Yes, you can calculate a "self-resonance" for any transformer when you take primary inductance and winding capacitance and calculate the resonance frequency accorsing to f=1/(2*PI*SQRT(LC)). It will end up smack in the middle of the audio band. This is what you expect, because this "resonance" has to be near the middle of the passband of the transformer. It would be interesting to calculating the Q of this "resonance", at 1.5 nF capacitance (which is about what high-end transformers achieve), 28 H primary inductance and a 600 Ohms resistance, the Q of this "resonance" becomes 0.0043. This means that this "resonance" is damped into oblivion and then some more to relegate it into total insignificance.

The transformers DON'T act as coupling capacitors at any frequency, they keep acting like proper transformers up to their upper frequency limit, above which they start to act like a second order (assuming a simplistic leakage inductance-winding capacitance model) lowpass filter. The winding capacitance of the primary appears as a parallel capacitance across the primary leads. Only at very high frequencies, the inter-winding capacitance gets a low enough impedance to start acting like a coupling transformer in a typical (competently made) OPT. This typically happens somewhere in the MHz range.
 

waltube

Member
2005-02-19 1:46 pm
roma
Nobody says that the trafo acting a coupling capacitor at any freq.
The test results says that above the resonance the main aspect is capacitive, in fact also the phase switch from + (inductive) to - (capacitive).
And L drop with frequency increase.
This means that the capacitive aspect became relevant from a mid frequency due a winding charatheristics only

Walter


Walter
 
Last edited:

waltube

Member
2005-02-19 1:46 pm
roma
To get the a ratio 10:1 to read the test signal also with a simply audio card and proper sw, in case.
The value of 2475+25 is 2500 ohm that is a nominal load related ( in this case FIAT Trafo) to the ratio of the trafo, in his case secondary 6 ohm primary 2500 ohm, ratio is 1:20


Walter
 
Last edited:
Nobody says that the trafo acting a coupling capacitor at any freq.
I am wondering if those super expensive transformers from Tango, hashimoto, AN, etc. also act like coupling capacitors as far as high frequencies are concerned. I bet they are.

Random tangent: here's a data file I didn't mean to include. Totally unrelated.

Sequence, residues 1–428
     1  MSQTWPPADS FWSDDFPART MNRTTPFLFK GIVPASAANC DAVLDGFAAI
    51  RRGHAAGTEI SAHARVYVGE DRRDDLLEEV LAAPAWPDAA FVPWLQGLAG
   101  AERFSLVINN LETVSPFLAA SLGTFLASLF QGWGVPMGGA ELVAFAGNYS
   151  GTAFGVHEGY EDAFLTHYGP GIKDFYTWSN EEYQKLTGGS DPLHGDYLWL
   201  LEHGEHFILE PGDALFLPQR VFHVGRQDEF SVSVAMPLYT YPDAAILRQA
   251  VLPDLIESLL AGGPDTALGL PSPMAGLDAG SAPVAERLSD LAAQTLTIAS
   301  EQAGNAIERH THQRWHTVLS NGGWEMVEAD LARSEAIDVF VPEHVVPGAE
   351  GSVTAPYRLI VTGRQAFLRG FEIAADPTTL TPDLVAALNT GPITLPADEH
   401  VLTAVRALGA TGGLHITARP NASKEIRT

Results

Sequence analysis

This is what I was referring to. Also in answer to Erik de Best's response.

The fact that above the center frequency the parallel component is capacitive and below the center frequency the parallel component is inductive is no news, but the drop in inductance, where does that come from? I think that the primary inductance doesn't drop at all, it only appears to do so because of the presence of other parallel and series components. If you measure the inductance of a parallel LCR circuit at its resonance frequency with an LCR meter, it will read zero. The inductance is not gone, it is just masked because of the presence of other components not accounted for.
 
This is what I was referring to. Also in answer to Erik de Best's response.

The fact that above the center frequency the parallel component is capacitive and below the center frequency the parallel component is inductive is no news, but the drop in inductance, where does that come from? I think that the primary inductance doesn't drop at all, it only appears to do so because of the presence of other parallel and series components. If you measure the inductance of a parallel LCR circuit at its resonance frequency with an LCR meter, it will read zero. The inductance is not gone, it is just masked because of the presence of other components not accounted for.

Indeed, my reply wasn't correct. I agree that the transformer is never a capacitor - I was mostly thinking about the fact that the core has less of an influence at HF and wanted to point sser2 to some existing info about that.